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Unable to resolve names of network computers

asked 2014-05-12 06:48:11 -0600

TheGameSquid gravatar image

updated 2014-05-12 10:34:32 -0600

I've just installed Fedora 20 on a physical machine (a new laptop) for the first time. I'm used to working with Linux on a bunch of virtual machines, but now that I've got it running on physical hardware I'm experiencing some issues.

I'm able to ping my Fedora 20 laptop from my Windows 7 gaming PC, but only using the .local suffix. So:

Pinging from my Linux laptop to my Windows Desktop:

[robin@HOME-LAPTOP ~]$ ping HOME-DESKTOP
ping: unknown host HOME-DESKTOP

[robin@HOME-LAPTOP ~]$ ping 192.168.0.166
PING 192.168.0.166 (192.168.0.166) 56(84) bytes of data.
64 bytes from 192.168.0.166 (192.168.0.166): icmp_seq=1 ttl=64 time=0.031 ms
64 bytes from 192.168.0.166 (192.168.0.166): icmp_seq=2 ttl=64 time=0.020 ms
64 bytes from 192.168.0.166 (192.168.0.166): icmp_seq=3 ttl=64 time=0.021 ms

Pinging from my Windows Desktop to my Linux Laptop:

C:\Data>ping HOME-LAPTOP
Ping request could not find host HOME-LAPTOP. Please check the name and try again.

C:\Data>ping HOME-LAPTOP.local

Pinging HOME-LAPTOP.local [192.168.0.166] with 32 bytes of data:
Reply from 192.168.0.166: bytes=32 time=3ms TTL=126
Reply from 192.168.0.166: bytes=32 time=3ms TTL=126
Reply from 192.168.0.166: bytes=32 time=3ms TTL=126
Reply from 192.168.0.166: bytes=32 time=4ms TTL=126

Ping statistics for 192.168.0.166:
    Packets: Sent = 4, Received = 4, Lost = 0 (0% loss),
Approximate round trip times in milli-seconds:
    Minimum = 3ms, Maximum = 4ms, Average = 3ms

Here is the output of the hostname, domainname and dnsdomainname commands on the Linux laptop

[robin@HOME-LAPTOP ~]$ hostname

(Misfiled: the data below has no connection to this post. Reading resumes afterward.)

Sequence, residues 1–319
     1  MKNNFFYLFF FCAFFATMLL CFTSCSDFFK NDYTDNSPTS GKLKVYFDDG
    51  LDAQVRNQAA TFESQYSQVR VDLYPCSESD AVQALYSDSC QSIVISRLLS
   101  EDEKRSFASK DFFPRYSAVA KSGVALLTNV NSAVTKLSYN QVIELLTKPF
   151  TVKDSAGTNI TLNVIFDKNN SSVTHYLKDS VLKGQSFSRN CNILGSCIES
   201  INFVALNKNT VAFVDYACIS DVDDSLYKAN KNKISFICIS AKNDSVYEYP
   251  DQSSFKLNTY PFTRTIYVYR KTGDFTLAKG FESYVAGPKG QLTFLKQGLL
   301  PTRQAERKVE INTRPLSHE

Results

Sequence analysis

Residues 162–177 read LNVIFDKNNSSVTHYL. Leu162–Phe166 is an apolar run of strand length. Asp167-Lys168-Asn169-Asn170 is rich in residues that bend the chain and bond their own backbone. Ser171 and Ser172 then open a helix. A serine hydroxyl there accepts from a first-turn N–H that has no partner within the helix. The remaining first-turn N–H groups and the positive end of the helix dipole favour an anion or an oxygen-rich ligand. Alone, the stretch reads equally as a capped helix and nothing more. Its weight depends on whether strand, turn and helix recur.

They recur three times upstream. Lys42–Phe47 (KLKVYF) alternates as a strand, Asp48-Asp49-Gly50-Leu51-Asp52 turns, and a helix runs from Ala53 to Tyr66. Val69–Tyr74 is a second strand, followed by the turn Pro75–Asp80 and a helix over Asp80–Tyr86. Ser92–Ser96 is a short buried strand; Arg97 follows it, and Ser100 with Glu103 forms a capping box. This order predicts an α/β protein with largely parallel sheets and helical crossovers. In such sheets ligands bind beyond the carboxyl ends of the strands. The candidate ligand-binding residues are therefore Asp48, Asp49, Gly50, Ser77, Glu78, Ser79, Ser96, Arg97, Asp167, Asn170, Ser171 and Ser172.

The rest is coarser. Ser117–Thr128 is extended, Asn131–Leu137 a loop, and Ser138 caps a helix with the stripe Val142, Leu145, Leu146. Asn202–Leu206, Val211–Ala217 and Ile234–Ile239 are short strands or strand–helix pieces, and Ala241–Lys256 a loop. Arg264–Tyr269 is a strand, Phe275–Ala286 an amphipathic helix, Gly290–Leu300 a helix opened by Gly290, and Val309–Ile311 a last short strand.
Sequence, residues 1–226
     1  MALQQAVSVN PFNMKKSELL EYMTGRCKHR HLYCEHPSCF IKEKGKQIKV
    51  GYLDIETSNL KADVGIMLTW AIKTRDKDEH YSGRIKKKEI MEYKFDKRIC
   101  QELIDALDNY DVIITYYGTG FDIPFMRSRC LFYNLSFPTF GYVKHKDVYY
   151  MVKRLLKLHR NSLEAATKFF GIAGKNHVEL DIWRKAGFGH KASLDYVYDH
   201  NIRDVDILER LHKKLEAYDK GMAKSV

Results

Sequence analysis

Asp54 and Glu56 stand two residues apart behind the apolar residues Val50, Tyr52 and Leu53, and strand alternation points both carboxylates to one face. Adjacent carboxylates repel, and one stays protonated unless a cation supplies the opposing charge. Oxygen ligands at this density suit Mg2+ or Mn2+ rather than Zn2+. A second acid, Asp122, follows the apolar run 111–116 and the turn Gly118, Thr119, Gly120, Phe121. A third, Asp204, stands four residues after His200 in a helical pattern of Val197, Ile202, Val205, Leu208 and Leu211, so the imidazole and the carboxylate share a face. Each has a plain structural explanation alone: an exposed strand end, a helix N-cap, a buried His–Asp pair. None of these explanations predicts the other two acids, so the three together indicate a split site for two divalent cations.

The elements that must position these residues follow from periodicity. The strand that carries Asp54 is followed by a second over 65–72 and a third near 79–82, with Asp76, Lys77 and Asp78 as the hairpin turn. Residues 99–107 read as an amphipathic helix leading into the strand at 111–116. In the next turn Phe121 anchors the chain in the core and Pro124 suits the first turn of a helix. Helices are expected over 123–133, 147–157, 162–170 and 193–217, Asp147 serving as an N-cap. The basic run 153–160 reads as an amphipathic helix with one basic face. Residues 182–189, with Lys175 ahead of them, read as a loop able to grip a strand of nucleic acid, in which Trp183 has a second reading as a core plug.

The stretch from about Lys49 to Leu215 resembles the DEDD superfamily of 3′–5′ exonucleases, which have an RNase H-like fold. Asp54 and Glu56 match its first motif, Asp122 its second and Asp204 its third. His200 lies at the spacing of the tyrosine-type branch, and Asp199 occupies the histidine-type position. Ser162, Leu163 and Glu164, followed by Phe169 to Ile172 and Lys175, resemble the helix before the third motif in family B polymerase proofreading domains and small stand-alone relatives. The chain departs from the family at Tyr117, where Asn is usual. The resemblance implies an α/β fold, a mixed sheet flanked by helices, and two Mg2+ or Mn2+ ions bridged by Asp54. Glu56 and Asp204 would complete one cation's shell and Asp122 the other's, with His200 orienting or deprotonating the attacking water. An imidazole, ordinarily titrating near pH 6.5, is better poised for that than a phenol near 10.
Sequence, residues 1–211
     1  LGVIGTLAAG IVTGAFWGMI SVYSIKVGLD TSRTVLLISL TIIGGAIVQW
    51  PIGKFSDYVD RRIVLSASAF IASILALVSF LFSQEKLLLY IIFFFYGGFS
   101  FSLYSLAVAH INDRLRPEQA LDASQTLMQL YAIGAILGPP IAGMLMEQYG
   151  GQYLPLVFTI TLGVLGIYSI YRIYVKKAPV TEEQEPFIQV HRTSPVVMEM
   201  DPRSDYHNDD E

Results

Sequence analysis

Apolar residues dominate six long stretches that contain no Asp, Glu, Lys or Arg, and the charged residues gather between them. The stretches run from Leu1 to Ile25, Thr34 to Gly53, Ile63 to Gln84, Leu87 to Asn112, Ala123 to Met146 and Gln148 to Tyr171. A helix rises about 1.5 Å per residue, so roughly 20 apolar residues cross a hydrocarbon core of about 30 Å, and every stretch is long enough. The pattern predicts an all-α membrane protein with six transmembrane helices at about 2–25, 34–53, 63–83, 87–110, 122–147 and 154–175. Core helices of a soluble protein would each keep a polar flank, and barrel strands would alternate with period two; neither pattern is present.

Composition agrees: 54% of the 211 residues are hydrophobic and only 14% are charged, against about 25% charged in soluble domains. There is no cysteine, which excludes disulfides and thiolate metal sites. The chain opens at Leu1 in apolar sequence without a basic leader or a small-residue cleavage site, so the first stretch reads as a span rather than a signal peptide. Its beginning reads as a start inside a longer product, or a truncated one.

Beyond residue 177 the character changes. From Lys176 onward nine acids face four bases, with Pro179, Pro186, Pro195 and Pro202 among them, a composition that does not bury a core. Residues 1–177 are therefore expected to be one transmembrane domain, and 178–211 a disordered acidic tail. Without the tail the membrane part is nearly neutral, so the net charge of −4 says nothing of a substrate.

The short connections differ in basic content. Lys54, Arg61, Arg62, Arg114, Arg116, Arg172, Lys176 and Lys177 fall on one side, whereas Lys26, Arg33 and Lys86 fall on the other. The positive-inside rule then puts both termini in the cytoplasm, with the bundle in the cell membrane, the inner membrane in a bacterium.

HOME-LAPTOP.localdomain
[robin@HOME-LAPTOP ~]$ domainname
(nothing)
[robin@HOME-LAPTOP ~]$ dnsdomainname
localdomain

My hostfile is configured as follows:

127.0.0.1 HOME-LAPTOP HOME-LAPTOP.localdomain localhost localhost.localdomain
::1 HOME-LAPTOP HOME-LAPTOP.localdomain localhost localhost.localdomain

My /etc/resolv.conf only has entries for the two DNS servers provided by my ISP.

  1. I don't understand where the .local suffix is coming from. Where is this defined, and is it possible to change this?
  2. I don't understand why my Windows machine can resolve the hostname of my linux laptop, but not the other way around.

EDIT (Extra info): The environment I'm testing this is in is a very, very simple home setup with router provided by ISP, not domain, no DNS server of my own etc. This is a bare-bones network environment.

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Comments

Does your Linux installation have "avahi" installed? My default installation of Fedora 20 (which included Gnome Desktop) installed avahi as a dependency, which opens a hole in the firewall (UDP 5353) and responds to my hostname with the ".local" suffix.

This is something that's tripped me up before in the past. I seem to always work through the issue, but never document it, so I keep having to reinvent the wheel each time. I'd like to help you identify what's going on here and document for my own benefit...

:) John

jcall gravatar imagejcall ( 2014-05-14 16:22:34 -0600 )edit

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answered 2016-09-25 19:18:56 -0600

Aeyoun gravatar image

updated 2016-09-25 19:20:45 -0600

Windows doesn't currently support mDNS (the .local domains), but Microsoft is slowly adding it to Windows 10. Instead of mDNS, you have to rely on other local network discovery protocols such as NBNS or LLMNR.

Instead of messing with all of that you can rely on your router’s DNS server and DHCP to discover devices over DNS. This will be way more reliable and work with all devices and operating systems. Logon to your router and configure your DHCP to assign a search domain. Assuming you have a somewhat sensible home router, all your machines should be discovererable over DNS with <hostname>.<search-domain> the next time your devices renew their DHCP leases (usually within a day or a reboot).

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Asked: 2014-05-12 06:48:11 -0600

Seen: 2,182 times

Last updated: Sep 25 '16